?I trained about nine months before I took this walk,? he said. ?I didn?t just get up and say I?m going to start walking?I?m not Forest Gump. I put a lot of thought into it, and really planned the trip.?

Moore said an early highlight of the journey was spending time at the memorial to Vietnam War veterans in the mountains of Angel Fire, N.M. The memorial was initiated by physician Victor Westphall in honor of his son, David, who was killed in the war.

?When people were spitting on our soldiers and calling them names, he built this memorial, manned it and welcomed all our veterans home while the rest of the country was pretty much doing the opposite,? Moore said.

?I wanted to make sure I stopped there in honor of our veterans.?

Moore said he also relished his walk through the Sangre de Cristo Mountains in northern New Mexico because the name is Spanish for ?Blood of Christ.?

?It took me nine days to get through those mountain,? he added with wry smile.?

Moore crossed the panhandle of Oklahoma before entering Kansas near Liberal. He proceeded to Great Bend, where he followed a path largely along U.S. 56.

Moore experienced another memorable moment?for different reasons?when he opted to walk along country roads outside of Great Bend instead of the highway.

?I like peace and quiet?I don?t like the highway that much,? Moore said. ?When I got to Great Bend, I was finally able to go on these county roads. After two days I got stuck in the mud, and then the two vehicles got stuck in the mud coming to get me.

?Finally, a farmer came out and hauled us both out with a big old tractor. All I?ve got to say is thank God for farmers.?

Moore said he enjoyed the scenic challenges of the New Mexico mountains, but has gained a great appreciation for the Sunflower State.

?Kansas is a beautiful state?I love Kansas,? he said, adding that those who say otherwise aren?t paying attention.

?They don?t see it,? he said. ?If you walk through the panhandle of Oklahoma, Kansas is beautiful.?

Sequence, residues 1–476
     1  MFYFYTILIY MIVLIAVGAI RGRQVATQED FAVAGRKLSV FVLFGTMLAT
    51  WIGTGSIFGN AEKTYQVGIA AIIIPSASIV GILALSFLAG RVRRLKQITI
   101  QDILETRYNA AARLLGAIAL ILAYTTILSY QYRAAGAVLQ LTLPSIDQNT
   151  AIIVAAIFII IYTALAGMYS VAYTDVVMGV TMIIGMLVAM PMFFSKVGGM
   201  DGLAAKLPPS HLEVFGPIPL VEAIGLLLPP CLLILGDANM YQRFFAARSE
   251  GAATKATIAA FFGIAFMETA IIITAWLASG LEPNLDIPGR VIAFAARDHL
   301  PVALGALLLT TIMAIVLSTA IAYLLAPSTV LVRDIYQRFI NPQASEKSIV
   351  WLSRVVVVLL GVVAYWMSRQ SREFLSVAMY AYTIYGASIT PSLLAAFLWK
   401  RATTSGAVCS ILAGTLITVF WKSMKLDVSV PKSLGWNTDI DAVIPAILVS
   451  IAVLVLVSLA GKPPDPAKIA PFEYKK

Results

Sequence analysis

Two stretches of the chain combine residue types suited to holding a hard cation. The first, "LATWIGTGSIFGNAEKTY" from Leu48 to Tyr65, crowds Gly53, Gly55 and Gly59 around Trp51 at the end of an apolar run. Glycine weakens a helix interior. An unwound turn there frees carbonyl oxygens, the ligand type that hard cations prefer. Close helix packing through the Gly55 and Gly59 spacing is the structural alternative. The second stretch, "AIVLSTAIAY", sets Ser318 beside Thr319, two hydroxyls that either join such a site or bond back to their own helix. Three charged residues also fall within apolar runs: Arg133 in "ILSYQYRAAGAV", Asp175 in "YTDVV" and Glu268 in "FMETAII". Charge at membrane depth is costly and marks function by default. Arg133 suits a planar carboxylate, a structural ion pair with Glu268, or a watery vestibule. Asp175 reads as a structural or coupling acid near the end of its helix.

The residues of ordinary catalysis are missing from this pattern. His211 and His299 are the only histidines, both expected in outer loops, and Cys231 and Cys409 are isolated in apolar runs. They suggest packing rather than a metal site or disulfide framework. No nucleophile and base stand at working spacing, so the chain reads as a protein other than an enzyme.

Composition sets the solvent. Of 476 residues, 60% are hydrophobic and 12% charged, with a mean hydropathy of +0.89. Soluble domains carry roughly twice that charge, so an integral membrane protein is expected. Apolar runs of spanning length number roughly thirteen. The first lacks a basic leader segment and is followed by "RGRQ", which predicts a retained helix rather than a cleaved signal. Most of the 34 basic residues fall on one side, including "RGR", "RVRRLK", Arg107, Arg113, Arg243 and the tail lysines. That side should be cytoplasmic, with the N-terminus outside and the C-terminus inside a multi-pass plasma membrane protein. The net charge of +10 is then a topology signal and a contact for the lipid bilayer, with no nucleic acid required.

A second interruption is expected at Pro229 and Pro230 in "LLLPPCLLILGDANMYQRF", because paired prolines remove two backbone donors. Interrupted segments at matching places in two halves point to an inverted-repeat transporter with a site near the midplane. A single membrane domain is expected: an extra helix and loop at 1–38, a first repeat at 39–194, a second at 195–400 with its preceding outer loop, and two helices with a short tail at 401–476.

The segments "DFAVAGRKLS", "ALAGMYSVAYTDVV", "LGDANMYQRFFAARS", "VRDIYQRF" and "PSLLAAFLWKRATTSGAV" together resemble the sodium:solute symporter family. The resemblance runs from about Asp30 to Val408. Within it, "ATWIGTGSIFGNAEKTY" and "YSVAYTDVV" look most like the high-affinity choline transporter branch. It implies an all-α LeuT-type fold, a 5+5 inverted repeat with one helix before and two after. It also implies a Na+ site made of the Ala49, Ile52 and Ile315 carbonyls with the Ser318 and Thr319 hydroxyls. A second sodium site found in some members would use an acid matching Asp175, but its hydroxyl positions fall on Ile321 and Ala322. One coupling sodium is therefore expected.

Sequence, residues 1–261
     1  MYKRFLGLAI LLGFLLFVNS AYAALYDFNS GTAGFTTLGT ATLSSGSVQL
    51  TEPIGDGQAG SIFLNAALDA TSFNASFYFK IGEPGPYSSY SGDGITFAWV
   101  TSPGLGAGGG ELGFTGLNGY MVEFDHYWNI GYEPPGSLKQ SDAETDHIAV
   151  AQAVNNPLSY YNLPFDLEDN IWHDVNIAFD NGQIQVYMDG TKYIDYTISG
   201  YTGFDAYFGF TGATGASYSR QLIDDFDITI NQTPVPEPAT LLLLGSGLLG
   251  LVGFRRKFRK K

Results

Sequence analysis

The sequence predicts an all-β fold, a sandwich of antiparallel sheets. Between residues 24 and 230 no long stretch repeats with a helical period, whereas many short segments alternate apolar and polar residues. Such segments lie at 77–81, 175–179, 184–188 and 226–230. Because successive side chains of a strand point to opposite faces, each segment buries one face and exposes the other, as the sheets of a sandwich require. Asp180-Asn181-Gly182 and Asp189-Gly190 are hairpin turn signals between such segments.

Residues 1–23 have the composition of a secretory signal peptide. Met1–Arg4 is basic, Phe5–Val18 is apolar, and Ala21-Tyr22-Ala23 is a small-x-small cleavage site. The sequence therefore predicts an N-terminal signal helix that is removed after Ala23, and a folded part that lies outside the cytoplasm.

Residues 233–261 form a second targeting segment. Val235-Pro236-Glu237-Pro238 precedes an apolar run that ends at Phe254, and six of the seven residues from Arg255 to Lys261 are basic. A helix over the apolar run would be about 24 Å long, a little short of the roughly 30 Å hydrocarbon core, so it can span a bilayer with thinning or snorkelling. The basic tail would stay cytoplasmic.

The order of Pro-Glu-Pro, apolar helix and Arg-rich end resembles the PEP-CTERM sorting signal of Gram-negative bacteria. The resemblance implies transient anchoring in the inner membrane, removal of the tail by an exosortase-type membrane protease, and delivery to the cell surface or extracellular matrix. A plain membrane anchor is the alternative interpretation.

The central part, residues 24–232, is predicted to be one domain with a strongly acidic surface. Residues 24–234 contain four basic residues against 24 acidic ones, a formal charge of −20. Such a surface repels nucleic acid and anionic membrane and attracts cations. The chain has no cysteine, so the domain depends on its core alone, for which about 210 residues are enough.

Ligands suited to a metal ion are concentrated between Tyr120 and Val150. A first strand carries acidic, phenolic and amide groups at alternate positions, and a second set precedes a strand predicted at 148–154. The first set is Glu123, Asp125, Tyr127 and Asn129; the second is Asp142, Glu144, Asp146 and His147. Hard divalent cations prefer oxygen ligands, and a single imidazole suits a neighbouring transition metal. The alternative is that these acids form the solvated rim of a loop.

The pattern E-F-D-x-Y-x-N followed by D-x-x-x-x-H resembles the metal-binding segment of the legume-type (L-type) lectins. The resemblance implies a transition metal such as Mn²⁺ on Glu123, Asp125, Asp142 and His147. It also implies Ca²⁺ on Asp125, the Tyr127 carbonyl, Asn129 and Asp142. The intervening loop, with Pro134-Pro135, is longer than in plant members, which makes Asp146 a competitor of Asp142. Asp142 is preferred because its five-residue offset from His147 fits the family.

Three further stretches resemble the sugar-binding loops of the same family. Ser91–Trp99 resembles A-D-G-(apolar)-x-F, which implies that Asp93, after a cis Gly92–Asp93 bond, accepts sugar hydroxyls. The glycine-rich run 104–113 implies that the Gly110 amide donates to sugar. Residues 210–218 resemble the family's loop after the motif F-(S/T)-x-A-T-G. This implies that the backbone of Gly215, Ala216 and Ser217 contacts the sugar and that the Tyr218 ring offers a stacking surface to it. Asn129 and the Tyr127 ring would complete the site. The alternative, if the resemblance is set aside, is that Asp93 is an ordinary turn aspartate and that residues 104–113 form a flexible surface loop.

Moore said his biggest regret is not being able to make side trips during his walk through Kansas.

?There are so many things I want to see,? he said. ?All I do is focus on the walk. I don?t go out and look at things, like museums?because if I do, that?s just more walking.?

He added, ?There?s a sign that I show to people that says, ?If you don?t reach your goal it?s because you took your eye of it.? I can?t take my eye off the goal.?

Honors at Pilsen

Following the Veterans Day mass at St. John Nepomucene, a ceremony with military honors convened at the Father Kapaun Memorial on the church grounds.

Included among the attenders were the Fourth Degree Knights of Columbus as an honor for Bishop Neal James Buckon, who, along with other auxiliary bishops, oversees Catholic priests serving as military chaplains worldwide, and for Father John Hotze, whose office is at the chancery in Wichita. Hotze is the head of the Father Kapaun Guild and chaplain at McConnell Air Force Base.

With the presentation of the crucifix, Moore?s most challenging pilgrimage is officially complete. He said he anticipates more pilgrimages in the future, but none of this magnitude.

?I like taking pilgrimages?but I don?t always carry a cross on my back,? he said.

Why pilgrimages?

?It?s just something I do,? Moore said. ?It?s humbling myself before the Lord.

?Everybody does something,? he added. ?People play golf, people play tennis, they watch TV and drink beer on Sunday and watch a football game. I walk and I carry crosses.?

Then he added, ?I?m the donkey that?s carrying the cross on his back. I?m not as important as what it represents, who it?s for and what I?m doing it for.?

The Chaplain Kapaun Crucifix will remain permanently in the Father Kapaun Museum in Pilsen, and can be viewed by contacting the church office.

Patty Decker contributed to this article.